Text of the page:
1.1 Working principle of video camera
The television camera changes light into an electronic signal that can be stored (using video tape, optical disks, or computer memory, transmitted, and displayed on a television receiver or monitor. Whether digital or analog, and regardless of their size, cost, and quality, all video cameras operate on the same basic principle: they transduce (translate) the optical image that the lens sees into a corresponding video picture. More specifically, the camera converts an optical image into electrical signals that are reconverted by a television receiver into visible screen images. To fulfill this function, each video camera needs three basic elements: the lens, the imaging device, and the viewfinder.
The video camera translates the optical light image as seen by the lens into a corresponding picture on the screen. The light reflected off an object is gathered and transmitted by the lens to the beam splitter, which splits the white light into red, green, and blue (RGB) light beams. These beams are then transformed by the imaging device into electric energy, which is amplified and processed into a video signal. It is then reconverted into video pictures by the viewfinder.
TYPES OF CAMERAS
We normally classify video cameras by how they are used: shoulder-mounted (large) and handheld (small) camcorders, ENG/EFP (electronic news gathering/electronic field production) cameras, studio cameras, and digital cinema cameras.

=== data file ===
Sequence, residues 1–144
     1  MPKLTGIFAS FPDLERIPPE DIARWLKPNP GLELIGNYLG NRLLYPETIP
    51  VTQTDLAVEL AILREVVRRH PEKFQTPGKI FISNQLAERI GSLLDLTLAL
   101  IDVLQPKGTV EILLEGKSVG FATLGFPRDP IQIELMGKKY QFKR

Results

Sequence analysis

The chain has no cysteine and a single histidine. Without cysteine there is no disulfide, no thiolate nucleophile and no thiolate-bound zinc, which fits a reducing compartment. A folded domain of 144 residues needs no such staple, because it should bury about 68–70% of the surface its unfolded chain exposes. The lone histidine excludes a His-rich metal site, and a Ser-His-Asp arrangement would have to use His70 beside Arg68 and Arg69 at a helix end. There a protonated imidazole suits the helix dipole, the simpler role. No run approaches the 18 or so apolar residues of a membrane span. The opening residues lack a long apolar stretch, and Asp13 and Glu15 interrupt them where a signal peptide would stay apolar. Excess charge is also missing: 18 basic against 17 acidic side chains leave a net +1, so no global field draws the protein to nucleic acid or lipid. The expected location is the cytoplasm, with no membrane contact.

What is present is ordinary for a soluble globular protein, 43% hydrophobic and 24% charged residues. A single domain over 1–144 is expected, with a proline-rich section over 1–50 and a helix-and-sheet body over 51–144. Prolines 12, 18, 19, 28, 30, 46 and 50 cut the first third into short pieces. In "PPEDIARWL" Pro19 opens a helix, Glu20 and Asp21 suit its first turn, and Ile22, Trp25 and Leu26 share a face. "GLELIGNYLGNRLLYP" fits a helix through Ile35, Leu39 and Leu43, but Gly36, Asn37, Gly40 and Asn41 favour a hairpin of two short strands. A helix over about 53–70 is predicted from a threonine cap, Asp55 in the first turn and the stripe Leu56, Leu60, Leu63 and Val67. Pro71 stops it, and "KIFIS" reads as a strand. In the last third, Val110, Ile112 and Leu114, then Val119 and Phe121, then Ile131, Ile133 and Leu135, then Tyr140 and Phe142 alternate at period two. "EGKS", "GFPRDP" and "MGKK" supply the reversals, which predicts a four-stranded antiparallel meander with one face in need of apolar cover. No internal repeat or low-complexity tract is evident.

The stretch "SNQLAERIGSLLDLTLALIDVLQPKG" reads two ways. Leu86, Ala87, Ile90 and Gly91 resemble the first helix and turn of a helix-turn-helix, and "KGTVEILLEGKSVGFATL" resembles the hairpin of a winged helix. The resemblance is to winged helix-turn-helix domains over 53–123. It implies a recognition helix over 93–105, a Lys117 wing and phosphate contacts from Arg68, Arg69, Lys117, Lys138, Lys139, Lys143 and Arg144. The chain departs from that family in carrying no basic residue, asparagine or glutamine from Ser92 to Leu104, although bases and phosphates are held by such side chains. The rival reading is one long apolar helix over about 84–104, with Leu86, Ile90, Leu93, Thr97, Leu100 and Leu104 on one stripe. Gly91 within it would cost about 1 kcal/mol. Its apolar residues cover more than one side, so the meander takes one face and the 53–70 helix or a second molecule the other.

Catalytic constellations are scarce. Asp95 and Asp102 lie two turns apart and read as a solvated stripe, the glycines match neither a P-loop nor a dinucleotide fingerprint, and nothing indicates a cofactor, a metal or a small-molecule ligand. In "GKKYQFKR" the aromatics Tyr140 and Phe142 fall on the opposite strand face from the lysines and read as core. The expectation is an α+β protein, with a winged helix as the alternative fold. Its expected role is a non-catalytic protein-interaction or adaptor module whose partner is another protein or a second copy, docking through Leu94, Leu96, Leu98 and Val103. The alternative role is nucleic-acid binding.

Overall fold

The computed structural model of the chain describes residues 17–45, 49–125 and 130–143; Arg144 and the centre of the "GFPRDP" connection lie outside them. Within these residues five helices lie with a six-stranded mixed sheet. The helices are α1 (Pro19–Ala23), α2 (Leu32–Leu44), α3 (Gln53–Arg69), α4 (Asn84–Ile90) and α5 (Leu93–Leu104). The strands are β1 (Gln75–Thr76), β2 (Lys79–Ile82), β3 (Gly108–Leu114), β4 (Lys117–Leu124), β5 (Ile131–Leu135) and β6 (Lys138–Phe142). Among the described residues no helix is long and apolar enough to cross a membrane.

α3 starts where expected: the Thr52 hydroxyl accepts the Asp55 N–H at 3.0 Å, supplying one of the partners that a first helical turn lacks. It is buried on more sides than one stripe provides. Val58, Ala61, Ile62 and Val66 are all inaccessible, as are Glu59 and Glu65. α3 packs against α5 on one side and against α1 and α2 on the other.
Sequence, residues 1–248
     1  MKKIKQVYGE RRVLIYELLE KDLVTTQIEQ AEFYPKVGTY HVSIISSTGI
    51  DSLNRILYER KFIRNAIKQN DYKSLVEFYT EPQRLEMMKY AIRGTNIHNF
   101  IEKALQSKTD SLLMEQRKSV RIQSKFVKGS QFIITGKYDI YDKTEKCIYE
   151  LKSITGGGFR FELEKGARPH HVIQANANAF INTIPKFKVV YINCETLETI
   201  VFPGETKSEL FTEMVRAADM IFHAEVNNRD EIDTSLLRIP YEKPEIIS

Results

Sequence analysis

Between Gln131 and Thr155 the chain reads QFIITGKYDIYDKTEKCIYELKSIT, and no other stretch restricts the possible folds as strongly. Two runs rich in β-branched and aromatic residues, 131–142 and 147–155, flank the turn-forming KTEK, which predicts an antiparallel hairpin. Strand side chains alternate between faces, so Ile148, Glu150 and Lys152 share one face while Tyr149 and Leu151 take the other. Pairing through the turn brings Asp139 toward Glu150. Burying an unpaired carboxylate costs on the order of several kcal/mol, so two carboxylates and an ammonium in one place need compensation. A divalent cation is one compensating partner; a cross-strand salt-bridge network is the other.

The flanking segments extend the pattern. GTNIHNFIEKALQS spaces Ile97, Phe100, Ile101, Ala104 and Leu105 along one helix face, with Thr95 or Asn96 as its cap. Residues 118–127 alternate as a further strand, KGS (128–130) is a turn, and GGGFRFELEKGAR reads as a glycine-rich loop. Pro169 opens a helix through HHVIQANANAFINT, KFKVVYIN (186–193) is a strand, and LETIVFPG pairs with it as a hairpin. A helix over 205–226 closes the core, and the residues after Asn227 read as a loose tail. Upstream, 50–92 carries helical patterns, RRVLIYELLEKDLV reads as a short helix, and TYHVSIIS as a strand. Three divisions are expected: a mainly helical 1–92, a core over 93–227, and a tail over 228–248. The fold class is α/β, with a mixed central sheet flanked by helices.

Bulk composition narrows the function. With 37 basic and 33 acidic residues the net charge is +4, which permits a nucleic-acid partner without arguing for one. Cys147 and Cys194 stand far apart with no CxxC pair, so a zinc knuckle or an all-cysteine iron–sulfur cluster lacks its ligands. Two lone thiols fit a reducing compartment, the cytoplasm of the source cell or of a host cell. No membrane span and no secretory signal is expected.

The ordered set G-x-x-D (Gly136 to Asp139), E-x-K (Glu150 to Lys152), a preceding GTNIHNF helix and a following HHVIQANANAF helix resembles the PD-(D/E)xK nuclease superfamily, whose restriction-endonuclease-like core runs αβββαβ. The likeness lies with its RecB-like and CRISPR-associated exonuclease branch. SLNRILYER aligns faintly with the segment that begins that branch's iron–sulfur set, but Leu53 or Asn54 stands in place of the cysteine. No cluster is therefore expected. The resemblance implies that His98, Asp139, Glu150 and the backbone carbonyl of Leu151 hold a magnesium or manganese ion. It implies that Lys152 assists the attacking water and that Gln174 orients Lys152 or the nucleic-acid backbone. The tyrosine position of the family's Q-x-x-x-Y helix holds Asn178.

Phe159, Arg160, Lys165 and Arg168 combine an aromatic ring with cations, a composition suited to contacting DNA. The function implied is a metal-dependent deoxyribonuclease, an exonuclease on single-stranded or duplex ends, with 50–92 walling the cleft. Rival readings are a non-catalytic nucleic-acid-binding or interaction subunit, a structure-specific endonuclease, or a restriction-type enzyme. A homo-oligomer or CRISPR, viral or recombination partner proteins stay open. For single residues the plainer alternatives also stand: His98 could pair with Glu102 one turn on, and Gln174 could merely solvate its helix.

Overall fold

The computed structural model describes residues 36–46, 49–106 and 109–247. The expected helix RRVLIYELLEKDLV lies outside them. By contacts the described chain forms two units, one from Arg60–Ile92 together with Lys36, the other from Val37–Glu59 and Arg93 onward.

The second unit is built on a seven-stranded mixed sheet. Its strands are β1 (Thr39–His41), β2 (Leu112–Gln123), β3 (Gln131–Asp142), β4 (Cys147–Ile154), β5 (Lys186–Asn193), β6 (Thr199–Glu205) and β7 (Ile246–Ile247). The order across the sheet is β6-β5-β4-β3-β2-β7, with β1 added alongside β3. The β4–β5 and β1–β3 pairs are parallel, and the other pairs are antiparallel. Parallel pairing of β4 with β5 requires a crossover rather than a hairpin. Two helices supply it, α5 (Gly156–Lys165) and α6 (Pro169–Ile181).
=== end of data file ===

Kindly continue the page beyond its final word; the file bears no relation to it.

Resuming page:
Most television studio cameras stand on the floor, usually with pneumatic or hydraulic mechanisms called pedestals to adjust the height, and are usually on wheels. Any video camera when used along with other video cameras in a multiple-camera setup is controlled by a device known as CCU (camera control unit), to which they are connected via a Triax, Fibre Optic or the almost obsolete multicore cable. The CCU along with genlock and other equipment is installed in the production control room (PCR) often known as the Gallery of the television studio. When used outside a formal television studio in outside broadcasting (OB), they are often on tripods that may or may not have wheels (depending on the model of the tripod). Initial models used analog technology, but are now obsolete, supplanted by digital models. Studio cameras are light and small enough to be taken off the pedestal and the lens changed to a smaller size to be used on a Multiple-camera setup's shoulder, but they still have no recorder of their own and are cable-bound. Cameras can be mounted on a tripod, a dolly or a crane, thus making the cameras much more versatile than previous generations of studio cameras. These cameras have a tally light, a small signal-lamp used that indicates, for the benefit of those being filmed as well as the camera operator, that the camera is 'live' - i.e. its signal is being used for the 'main program' at that moment. ENG Cameras
Though by definition, ENG (Electronic News Gathering) video cameras were originally designed for use by news camera operators, these have become the dominant style of professional video camera for most video productions, from dramas to documentaries, from music videos to corporate video training. While they have some similarities to the smaller consumer camcorder, they differ in several regards: * ENG cameras are larger and heavier (helps dampen small movements), and usually supported by a camera shoulder support or shoulder stock on the camera operator's shoulder, taking the weight off the hand, which is freed to operate the zoom lens control. * The camera mounts on tripods with Fluid heads and other supports with a quick release plate. * 3 CCDs or CMOS active pixel sensors are used, one for each of the primary colors * They have interchangeable lenses.
* The lens is focused manually and directly, without intermediate servo controls. However the lens zoom and focus can be operated with remote controls with a television...
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